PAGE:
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Wood Turtles



Wood turtles are currently being evaluated for listing under the Endangered Species Act. This project is conducting much-needed research on the relationship between wood turtles and sustainable forest management in Michigan.

Government agencies and private working forest owners have joined together to:

  1. Develop a better understanding of the relationship between wood turtles and sustainable forest management practices.
  2. Inform strategies for mitigating or removing threats to wood turtle populations.
  3. Integrate wood turtle conservation with forest management activities.

Preliminary Observations from the Field

Female wood turtles display high site fidelity. In other words, they visit the same nesting sites, brumation sites (for the turtle version of hibernation), and patches of forests year after year.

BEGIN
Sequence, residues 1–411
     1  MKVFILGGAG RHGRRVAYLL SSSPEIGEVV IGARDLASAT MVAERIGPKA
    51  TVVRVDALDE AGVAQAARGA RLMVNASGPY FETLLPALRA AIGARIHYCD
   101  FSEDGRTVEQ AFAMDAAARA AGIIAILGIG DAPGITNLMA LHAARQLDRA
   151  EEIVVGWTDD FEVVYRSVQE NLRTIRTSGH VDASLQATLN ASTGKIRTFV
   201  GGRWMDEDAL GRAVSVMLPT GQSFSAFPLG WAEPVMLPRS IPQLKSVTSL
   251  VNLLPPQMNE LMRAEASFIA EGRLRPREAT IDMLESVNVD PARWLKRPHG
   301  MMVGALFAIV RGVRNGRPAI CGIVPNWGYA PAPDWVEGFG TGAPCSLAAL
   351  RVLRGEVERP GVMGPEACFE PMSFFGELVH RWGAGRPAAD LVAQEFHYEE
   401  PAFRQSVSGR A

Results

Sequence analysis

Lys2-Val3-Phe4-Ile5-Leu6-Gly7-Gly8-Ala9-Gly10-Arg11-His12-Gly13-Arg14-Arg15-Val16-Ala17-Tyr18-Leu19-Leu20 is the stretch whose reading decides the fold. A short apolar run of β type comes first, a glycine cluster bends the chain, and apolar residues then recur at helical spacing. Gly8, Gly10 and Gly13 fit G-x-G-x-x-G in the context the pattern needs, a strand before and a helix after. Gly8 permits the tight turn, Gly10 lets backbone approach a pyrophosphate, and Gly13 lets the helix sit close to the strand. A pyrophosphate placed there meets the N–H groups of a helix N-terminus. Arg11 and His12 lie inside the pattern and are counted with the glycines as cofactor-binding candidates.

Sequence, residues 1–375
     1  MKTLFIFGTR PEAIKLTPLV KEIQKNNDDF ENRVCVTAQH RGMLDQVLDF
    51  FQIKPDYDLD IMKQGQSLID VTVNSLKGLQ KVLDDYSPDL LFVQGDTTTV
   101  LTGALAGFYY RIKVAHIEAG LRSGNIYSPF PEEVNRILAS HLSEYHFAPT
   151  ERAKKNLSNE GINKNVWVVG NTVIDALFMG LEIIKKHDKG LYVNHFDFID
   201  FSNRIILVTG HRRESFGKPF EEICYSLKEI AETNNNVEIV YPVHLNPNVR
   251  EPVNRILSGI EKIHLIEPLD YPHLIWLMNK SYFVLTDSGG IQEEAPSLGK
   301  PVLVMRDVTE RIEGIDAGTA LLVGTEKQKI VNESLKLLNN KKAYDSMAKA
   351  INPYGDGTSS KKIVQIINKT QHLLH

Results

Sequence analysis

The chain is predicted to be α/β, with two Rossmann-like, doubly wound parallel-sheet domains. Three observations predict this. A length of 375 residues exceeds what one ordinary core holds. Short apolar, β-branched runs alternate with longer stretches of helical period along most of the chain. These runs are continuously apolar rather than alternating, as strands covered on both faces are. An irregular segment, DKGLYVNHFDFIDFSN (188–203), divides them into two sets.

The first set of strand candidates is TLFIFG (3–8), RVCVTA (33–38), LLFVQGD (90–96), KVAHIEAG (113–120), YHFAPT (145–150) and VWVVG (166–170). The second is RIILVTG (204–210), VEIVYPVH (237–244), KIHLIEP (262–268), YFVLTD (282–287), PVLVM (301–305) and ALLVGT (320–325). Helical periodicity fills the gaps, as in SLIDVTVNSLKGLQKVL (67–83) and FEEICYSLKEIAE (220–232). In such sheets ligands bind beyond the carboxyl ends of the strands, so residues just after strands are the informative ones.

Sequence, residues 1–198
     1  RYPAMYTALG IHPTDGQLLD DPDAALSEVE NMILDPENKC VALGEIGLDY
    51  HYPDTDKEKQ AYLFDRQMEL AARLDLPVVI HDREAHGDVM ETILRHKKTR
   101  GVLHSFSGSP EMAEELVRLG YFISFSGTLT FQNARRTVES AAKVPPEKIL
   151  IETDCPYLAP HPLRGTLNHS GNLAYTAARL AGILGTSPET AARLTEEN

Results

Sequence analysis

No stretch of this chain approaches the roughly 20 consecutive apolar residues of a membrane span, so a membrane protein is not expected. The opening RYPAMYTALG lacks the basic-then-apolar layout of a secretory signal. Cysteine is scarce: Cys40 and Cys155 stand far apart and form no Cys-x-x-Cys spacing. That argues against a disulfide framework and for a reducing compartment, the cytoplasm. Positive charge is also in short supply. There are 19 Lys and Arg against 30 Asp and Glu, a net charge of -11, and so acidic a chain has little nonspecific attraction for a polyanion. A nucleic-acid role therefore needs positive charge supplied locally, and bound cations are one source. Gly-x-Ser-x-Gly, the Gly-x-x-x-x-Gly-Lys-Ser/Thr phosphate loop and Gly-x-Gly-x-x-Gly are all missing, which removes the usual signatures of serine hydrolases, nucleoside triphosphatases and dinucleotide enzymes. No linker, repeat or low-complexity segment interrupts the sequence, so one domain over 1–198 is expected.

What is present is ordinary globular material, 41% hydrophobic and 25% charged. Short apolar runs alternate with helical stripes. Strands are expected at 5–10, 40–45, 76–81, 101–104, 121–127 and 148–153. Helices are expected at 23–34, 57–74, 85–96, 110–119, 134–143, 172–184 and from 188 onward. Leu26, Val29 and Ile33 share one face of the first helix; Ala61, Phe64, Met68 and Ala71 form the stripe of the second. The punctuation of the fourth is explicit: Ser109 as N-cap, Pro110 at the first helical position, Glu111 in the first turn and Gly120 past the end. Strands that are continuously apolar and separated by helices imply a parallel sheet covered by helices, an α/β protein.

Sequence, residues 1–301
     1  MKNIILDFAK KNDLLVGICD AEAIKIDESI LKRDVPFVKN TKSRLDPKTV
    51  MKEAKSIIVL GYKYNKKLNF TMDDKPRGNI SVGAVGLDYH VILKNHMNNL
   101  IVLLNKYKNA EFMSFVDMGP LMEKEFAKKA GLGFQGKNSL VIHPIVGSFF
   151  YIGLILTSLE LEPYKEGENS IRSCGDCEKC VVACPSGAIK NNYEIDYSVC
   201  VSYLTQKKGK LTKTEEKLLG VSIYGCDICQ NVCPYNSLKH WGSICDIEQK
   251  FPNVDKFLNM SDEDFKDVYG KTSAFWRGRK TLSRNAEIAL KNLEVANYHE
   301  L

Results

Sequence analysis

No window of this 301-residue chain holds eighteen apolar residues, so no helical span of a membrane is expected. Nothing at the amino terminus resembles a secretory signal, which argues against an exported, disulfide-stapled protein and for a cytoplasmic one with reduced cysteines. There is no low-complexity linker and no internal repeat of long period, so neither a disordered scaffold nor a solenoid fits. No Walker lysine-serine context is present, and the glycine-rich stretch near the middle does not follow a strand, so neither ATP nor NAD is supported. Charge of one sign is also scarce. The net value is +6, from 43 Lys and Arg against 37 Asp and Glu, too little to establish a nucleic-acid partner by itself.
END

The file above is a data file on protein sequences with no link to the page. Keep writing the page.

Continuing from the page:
Female wood turtles will travel nearly ¼ mile away from the river during summer months, and will travel 4.5 miles along waterways to reach nesting and brumation areas.

Wood turtles use features created by forest management practices, such as slash piles, utility easements, gravel pits, and decommissioned logging roads. Managed forests provide the foraging and thermoregulatory (heating and cooling) environments wood turtles need.

Conservation Success Starts with Keeping Forests Intact

We all have a hand in ensuring conservation of wildlife. When we purchase wood and forest products, we support the sustainable cycle of growing, harvesting and replanting that keeps our forests as forests. Thousands of species call working forests home, and many species thrive in actively managed working forests.